DENVER — Just as a special session convenes to discuss what property tax reform state lawmakers are willing to offer in the wake of Proposition HH’s defeat, Republicans are already seeing conflict within the ranks over details, especially concerning the notion of ‘backfilling’ local governments.
On Wednesday, Colorado GOP Chairman Dave Williams issued a news release accusing fellow Republicans of plotting “bait-and-switch schemes,” and vowing to notify its members of any Republican who votes to “grow government and be fiscally irresponsible.”
“What’s unexpected is learning how some Republican lawmakers want to bail out governments who aren’t losing revenue instead of solely making taxpayers whole and protecting them from losing their homes,” Williams said in his release. “The Colorado Republican Party will oppose any measure that attempts to backfill or “buffer” local governments with taxpayer dollars, whether from General Fund Reserves or TABOR Surplus.”
Yet, just one year ago, both then-state Rep. Williams, and then Rep. Kevin Van Winkle — whose Senate bill Williams is calling on fellow Republicans to support — were firmly on the same side as nearly every other Republican when they voted in favor of and signed on as co-sponsors to a bill backfilling local governments under the same exact scenario for property tax years 2023 and 2024. That bill was sponsored by fellow Douglas County Republican Patrick Neville.
Most notable, however, is that according to the fiscal note on the Williams/Van Winkle supported SB-238, the first $240 million of the backfill is paid for by raiding TABOR refunds, with any additional needs being paid from the General Fund.
During the 2022 session, Senate Bill 238 was passed on a vote of 33-0 in the Senate and 56-4 in the House. The only no votes on that bill came from Republican Representatives Rod Bockenfeld, Stephanie Luck, and Rod Pelton, and lone Democrat Tom Sullivan; however, all four legislators still put their names on the bill as co-sponsors.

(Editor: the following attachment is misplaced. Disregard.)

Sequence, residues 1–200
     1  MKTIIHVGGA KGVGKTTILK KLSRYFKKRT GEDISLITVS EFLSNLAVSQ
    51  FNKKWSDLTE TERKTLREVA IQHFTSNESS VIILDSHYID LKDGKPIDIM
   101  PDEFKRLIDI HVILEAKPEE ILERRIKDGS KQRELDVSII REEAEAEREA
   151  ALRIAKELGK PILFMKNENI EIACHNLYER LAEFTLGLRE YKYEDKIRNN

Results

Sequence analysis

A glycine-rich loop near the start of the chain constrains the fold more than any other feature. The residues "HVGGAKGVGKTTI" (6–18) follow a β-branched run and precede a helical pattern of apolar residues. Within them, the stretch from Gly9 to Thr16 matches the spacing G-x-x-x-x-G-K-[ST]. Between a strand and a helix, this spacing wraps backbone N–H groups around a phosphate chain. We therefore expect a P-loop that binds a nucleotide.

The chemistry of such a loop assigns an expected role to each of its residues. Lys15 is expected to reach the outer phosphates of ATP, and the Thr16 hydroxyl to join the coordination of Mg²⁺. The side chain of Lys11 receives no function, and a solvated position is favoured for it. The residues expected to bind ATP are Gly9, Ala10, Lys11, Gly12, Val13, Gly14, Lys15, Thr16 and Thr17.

While that bill (which took into consideration the 2023 and 2024 property tax years) lowered the valuation rates on most all classifications of property and reduced the actual value anywhere from $15,000-$30,000, it promised a backfill to counties less than 300,000 in population and with less than 10 percent increase in assessed value from 2022 to 2023 amounting to 100 percent of its loss due to the reduction in rates.
It also promised a backfill to counties less than 300,000 in population with more than 10 percent increase in assessed value of from 2022 to 2023 amounting to 90 percent of its loss due to the reduction in rates and a 65 percent backfill to any county that didn’t qualify for either the 90 percent or 100 percent backfill.
Finally, it promised a backfill equal to that of the counties to municipalities, fire districts, health services districts, water districts, sanitation districts, and library districts.
Competing Republican tax plans
Since Complete Colorado first reported on Democrats looking to raid TABOR refunds under the guise of property tax reform, two Republican options have surfaced.
One is a Van Winkle bill that is a near carbon copy of House Bill 23-1054, originally authored and sponsored by Rep. Lisa Frizell, R-Castle Rock, and Sen. Byron Pelton, R-Sterling in the last session. It died in committee.
Two other bills, near mirror images of each other, are being sponsored by Minority Leader Mike Lynch, R-Fort Collins and Rep. Rose Pugliese, R-Colorado Springs in the House and Sen. Barbara Kirkmeyer, R-Brighton and Pelton in the Senate.
In those bills property tax assessment rates are dropped from 6.765 percent to 6.5 percent and 27.9 percent to 25 percent for residential and commercial properties, respectively. Property value reductions will increase to $80,000 and $60,000 for residential and commercial properties, respectively. In the Senate version, a reduction of income tax rates from 4.4 percent to 4 percent is included.
There is an estimated $617.5 million in backfill funds that will go to small counties where assessment values did not increase more than 10 percent and who will be hurt fiscally by a reduction in assessment rates.
The bill will be paid solely out of general fund reserves, which has a current balance of around $2.3 billion.
“We live in one of the most expensive states in the nation,” Kirkmeyer told Complete Colorado. “Coloradans like my 93-year-old neighbor, or the young couple in their first home or the single mom who is worried about putting Thanksgiving dinner on the table for her kids need real tax relief now, more than the state needs to sit on $2.3 billion dollars in their coffers.”
Pelton previously told Complete Colorado that TABOR refunds are off-limits.
“Whatever meaningful tax relief is, nothing can come out of TABOR surplus,” Pelton said. “And Republicans are rallying around that.”
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